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Innocence Lost (Landmark Day Care Case)

Article Index
Innocence Lost (Landmark Day Care Case)
Summary
Therapeutic Discernment
Proving Innocence
Jury Fallibility
Child Abuse Industry
Stretched Credibility

by Gretchen Passantino

Copyright 1995 by Gretchen Passantino.

Permission is granted for non-commercial replication of or excerpting from this material, provided (1) that appropriate notice is included of its copyright status, as above, and (2) that an appropriate reference to the Answers In Action name, address and phone number be included with all replicated and excerpted material.

This article first appeared in Cornerstone Magazine

The number of sex abuse charges, 429, was staggering. Seven defendants were charged with sexually abusing as many as 90 children, almost all of whom were defenseless, trusting toddlers and preschoolers at the time they were allegedly abused (fall of 1988). Prosecutors charged that Robert and Elizabeth (Betsy) Kelly, owners and operators of the Little Rascals day-care center in Edenton, North Carolina, orchestrated the systematic and horrendous physical and sexual abuse of their small clients by other day-care workers and another local businessman. Of the seven defendants, two, Robert Kelly and day-care worker Dawn Wilson, were tried and convicted in their criminal jury trials: Robert was convicted of 99 counts and sentenced to 12 consecutive life sentences; Dawn Wilson was convicted on 5 counts and sentenced to life in prison with no parole for 20 years. Appeals are pending in both cases. Robert's wife Betsy pled guilty to lesser charges in a desperate bid for a reduced sentence that would allow their daughter at least one parent for at least the latter part of her childhood. The remaining four defendants will be tried beginning late in 1994. But in the midst of one of the longest, most complex and expensive child abuse trials, justice disappeared and the innocent -- children and defendants -- suffered irreparable harm.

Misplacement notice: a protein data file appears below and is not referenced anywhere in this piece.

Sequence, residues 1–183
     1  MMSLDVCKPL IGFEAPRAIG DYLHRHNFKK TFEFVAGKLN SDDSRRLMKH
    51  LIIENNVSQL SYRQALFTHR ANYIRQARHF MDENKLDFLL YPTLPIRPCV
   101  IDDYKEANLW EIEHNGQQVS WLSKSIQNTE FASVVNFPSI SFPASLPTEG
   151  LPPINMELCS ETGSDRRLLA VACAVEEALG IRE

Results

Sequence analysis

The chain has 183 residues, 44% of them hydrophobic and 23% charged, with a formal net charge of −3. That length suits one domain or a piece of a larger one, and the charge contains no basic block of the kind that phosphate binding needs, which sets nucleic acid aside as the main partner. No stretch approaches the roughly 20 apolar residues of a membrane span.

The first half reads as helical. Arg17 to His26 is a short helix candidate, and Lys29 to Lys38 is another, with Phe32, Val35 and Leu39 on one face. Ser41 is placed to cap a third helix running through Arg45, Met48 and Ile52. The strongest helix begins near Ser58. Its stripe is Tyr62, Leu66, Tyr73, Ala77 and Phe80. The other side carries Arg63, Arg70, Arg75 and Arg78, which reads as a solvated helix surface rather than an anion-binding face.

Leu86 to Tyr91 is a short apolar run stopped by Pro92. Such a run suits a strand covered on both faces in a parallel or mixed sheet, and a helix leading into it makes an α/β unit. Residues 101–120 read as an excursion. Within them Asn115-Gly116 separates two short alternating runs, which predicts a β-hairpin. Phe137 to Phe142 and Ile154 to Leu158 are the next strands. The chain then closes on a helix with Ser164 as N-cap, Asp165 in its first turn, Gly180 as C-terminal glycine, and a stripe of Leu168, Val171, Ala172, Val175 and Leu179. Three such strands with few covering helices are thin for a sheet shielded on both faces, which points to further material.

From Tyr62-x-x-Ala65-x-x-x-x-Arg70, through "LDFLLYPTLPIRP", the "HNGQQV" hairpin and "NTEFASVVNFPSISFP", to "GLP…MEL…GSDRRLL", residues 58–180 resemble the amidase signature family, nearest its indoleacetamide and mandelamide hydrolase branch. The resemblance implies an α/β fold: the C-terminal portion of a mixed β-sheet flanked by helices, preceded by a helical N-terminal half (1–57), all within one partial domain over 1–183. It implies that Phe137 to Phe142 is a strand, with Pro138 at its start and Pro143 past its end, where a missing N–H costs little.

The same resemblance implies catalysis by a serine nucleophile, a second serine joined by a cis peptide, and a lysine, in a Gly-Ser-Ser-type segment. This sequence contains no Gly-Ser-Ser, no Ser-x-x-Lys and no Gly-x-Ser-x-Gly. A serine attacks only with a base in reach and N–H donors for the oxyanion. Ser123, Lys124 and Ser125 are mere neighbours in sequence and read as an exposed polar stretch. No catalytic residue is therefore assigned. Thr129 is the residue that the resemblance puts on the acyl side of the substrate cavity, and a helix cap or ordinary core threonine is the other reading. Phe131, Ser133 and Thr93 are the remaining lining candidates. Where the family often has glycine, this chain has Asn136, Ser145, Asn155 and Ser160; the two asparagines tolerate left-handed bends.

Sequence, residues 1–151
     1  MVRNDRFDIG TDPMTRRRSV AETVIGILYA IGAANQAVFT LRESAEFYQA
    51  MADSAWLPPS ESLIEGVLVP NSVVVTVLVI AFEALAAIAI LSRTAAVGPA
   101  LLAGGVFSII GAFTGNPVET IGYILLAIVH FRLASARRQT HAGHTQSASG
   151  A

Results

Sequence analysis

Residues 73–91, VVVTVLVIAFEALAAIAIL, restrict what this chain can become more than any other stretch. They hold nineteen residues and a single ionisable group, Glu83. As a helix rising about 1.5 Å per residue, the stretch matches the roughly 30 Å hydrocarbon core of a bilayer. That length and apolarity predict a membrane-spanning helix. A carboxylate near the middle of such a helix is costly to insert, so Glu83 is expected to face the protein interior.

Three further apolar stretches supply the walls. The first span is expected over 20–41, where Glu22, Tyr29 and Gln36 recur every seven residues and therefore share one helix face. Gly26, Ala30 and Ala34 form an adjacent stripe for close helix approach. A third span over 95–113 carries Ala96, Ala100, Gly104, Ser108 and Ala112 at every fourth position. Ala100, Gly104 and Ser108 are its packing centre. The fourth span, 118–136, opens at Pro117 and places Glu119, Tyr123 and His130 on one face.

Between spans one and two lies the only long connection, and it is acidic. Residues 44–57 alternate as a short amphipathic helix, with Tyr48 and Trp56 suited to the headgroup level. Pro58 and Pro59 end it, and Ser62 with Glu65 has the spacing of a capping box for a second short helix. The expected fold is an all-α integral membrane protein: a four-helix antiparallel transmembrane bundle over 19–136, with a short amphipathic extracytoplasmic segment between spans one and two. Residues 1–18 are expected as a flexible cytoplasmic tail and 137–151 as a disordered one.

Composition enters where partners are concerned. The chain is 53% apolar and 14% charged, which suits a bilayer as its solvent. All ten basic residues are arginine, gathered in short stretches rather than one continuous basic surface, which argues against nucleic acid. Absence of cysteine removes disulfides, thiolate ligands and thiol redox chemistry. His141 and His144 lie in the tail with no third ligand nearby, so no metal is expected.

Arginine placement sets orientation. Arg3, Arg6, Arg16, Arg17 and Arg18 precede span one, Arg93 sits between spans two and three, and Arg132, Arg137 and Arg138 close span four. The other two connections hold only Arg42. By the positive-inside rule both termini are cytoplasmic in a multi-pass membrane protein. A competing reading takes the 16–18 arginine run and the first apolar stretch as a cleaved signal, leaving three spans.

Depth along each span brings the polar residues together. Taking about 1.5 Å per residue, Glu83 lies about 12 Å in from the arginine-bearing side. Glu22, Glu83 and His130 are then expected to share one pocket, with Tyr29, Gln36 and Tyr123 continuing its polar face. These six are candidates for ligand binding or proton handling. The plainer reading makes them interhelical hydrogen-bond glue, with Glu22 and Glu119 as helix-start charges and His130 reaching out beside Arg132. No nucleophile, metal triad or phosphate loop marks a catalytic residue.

There was no corroborating physical evidence of any of the alleged criminal incidents. There was not a single adult eye witness to any of the hundreds of alleged incidents. The children's testimonies were inconsistent, vague, contradictory, and clearly coached by parents and therapists. Jurors on Kelly's trial violated the judge's orders, and several now say they were pressured into voting for conviction despite their own beliefs in Kelly's innocence. Jurors on Wilson's trial agreed there was no hard evidence and that the children's testimonies were unbelievable, and that the only persuasive evidence was uncorroborated notes made by one therapist early in the investigation.

Robert Kelly, unless his appeal is successful, will never be free of prison to be with his wife and daughter. Dawn Wilson will not be free until long after her six year old daughter is an adult. Betsy Kelly pled guilty to reduced charges to salvage at least some part of her daughter's childhood. Co-defendant and fellow day-care worker Robin Byrum faces a fate similar to that of Dawn Wilson. Video store owner Scott Privet, who said his only connection to the Kellys was that he rented them videos, faces a trial that could culminate in his incarceration for most of the rest of his adult life.

How did such a nightmare develop? The answer lies in four current but false social assumptions that have combined to create a climate where rumor and hysteria devastate innocent lives: (1) therapists can always discover truth in child abuse cases; (2) those accused of child abuse are guilty unless they can prove their innocence; (3) any unanimous jury verdict must be accurate; and (4) child abuse conspiracies are common and almost undetectable.